A World Cup qualifier between Brazil and Argentina, South America’s most successful football teams, was halted after minutes on Sunday after Brazilian health authorities took to the field during the game in an apparent dispute over coronavirus quarantine regulations.
In chaotic scenes in São Paulo, a group of Brazilian public health officials took the field minutes before the much-anticipated showdown and ordered the Argentine players off the field as officials from both sides allowed a small crowd into the stadium and a worldwide television audience struggled to understand what exactly happened. happened.
It concerned the status of four Argentine players, including three starters who play club football in the English Premier League. Under local regulations, foreign travelers who have spent the past 14 days in Britain must be quarantined upon arrival in Brazil.
Argentina arrived with four England-based players and started with three on Sunday. All the players had first traveled to Venezuela, where Argentina played a previous qualifying game last week, before arriving in Brazil three days ago.
In footage broadcast around the world, health officials and some Argentine players were involved in a brief altercation before the visiting team returned to the locker room. The discussions on the pitch ultimately involved officials from both teams and stars such as Lionel Messi and Neymar.
The referee of the match finally interrupted the game. Once Argentina retreated to the locker room, the Brazilian players waited on the pitch before starting an impromptu training session using half the pitch to entertain the stunned crowd. Meanwhile, a police column prepared to remove the Argentine players from the stadium.
The events threaten to further damage relations between FIFA, the football governing body and organization responsible for the World Cup, and Europe’s top clubs and leagues, which are embroiled in a dispute over the release of players for the qualifiers.
Several European leagues and teams had already made unilateral decisions to prevent their players from traveling to South America for World Cup qualifiers this month, complaining that they had no choice as the players would be forced to miss important league games if they did. done. Brazil missed nine players for the game against Argentina, and other countries were also hampered by the failure of clubs to release players.
Tottenham and Aston Villa of the Premier League did let their Argentines travel. Tottenham Hotspur’s Cristian Romero and Giovani Lo Celso were in the starting squad in São Paulo, as was Aston Villa goalkeeper Emiliano Martínez. His teammate Emiliano Buendía was a substitute.
The incident took place hours after Brazil’s health regulator, Anvisa, said four Argentine players had to isolate themselves and be unable to play in the match. Local news media had reported that the players involved had failed to report that they had been to Britain, an accusation the Argentine Football Federation denied.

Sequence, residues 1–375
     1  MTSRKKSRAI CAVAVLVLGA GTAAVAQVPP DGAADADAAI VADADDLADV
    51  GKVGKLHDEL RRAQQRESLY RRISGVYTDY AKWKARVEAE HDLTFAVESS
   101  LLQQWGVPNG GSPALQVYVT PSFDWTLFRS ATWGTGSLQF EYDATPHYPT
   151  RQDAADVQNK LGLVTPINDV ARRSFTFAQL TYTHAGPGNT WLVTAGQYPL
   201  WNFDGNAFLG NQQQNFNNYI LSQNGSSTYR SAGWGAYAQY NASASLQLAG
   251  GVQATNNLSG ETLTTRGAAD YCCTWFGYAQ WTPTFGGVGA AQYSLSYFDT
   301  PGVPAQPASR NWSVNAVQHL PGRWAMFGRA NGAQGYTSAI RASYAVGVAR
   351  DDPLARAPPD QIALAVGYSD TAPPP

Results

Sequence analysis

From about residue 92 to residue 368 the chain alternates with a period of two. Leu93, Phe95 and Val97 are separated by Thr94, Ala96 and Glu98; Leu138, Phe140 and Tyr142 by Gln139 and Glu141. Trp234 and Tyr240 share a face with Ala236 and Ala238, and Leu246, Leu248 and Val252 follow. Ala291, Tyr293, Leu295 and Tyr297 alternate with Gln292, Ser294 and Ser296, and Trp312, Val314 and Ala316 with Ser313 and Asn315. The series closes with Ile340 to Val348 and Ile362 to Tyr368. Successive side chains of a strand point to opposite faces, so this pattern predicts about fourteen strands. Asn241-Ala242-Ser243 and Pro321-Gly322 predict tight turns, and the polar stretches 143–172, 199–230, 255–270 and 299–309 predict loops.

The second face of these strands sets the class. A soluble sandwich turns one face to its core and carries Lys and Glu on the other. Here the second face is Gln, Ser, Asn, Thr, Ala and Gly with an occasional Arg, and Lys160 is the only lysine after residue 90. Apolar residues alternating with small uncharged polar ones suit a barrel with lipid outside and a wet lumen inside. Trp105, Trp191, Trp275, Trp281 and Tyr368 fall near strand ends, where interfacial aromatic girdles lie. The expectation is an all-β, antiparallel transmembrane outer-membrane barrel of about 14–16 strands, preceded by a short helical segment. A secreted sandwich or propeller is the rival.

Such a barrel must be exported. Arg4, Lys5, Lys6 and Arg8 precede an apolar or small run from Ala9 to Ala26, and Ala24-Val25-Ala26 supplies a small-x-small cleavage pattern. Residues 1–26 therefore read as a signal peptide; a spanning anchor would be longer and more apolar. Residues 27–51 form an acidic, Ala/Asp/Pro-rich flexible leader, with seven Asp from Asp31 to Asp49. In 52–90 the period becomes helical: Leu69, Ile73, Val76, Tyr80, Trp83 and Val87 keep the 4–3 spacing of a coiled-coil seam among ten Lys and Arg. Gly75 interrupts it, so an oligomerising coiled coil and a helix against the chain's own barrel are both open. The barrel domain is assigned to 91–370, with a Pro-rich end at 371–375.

It was unclear why Anvisa took no action before the game, as the Argentine team was in the country for three days and because the agency had previously said the four England-based Argentine players must isolate themselves and not participate in the matches at the stadium. .
“Anvisa considers the situation a serious health risk and has therefore asked the local health authorities to determine the immediate quarantine of the players, who will be stopped from participating in any activity and should be prevented from staying on Brazilian soil,” Anvisa said. in a statement.
Some Argentine players, including the captain, Messi, lingered in the tunnel area for several minutes after the game ended, as officials and players alike tried to make sense of the dispute. Finally, about an hour after the game was first interrupted, the regional soccer organization of South America, CONMEBOL, announced that the game had been cancelled.
CONMEBOL noted that the decision to abandon the match was the referee, but noted that FIFA had ultimate authority over the matches.
“The World Cup qualifiers are a FIFA competition,” CONMEBOL said in a statement on Twitter. “All decisions regarding organization and development are the exclusive competence of that institution.”
Lionel Scaloni, the Argentine coach, said in comments posted on the national team’s Twitter page that the team was not informed at any time that it could not draft the British players, and he questioned the timing of the health officials’ raid. “We wanted to play the game, the Brazilian players did too,” he said.
Claudio Tapia, the president of the Argentine Football Federation, disputed the accusation that one of the team’s players lied about their trip. He said Brazil’s health authorities had approved the rules under which the Argentina team had traveled to Brazil.
“You can’t talk about lies here, because there is health law under which all South American tournaments are played,” Tapia said. “The health authorities of each country approved a protocol that we fully adhere to.”
A Brazilian television commentator reached out to Anvisa’s head during the live broadcast of what should have been the first half of the match. The Anvisa official, Antonio Barra Torres, said the Argentine players had ignored instructions to remain in isolation pending deportation from the country because they failed to state that they had been in Britain.
“They moved into the stadium, went onto the pitch and there was a succession of non-compliances,” he said in comments published by Globo.
The interim president of the Brazilian Football Federation, Ednaldo Rodrigues, criticized the timing of the decision by health officials, saying the players could have been sent home afterwards.
“I feel sorry for all the sports fans who wanted to see the game on television,” Rodrigues told Brazil’s SporTV. “With all due respect to Anvisa, they could have solved this earlier and not waited for the game to start.”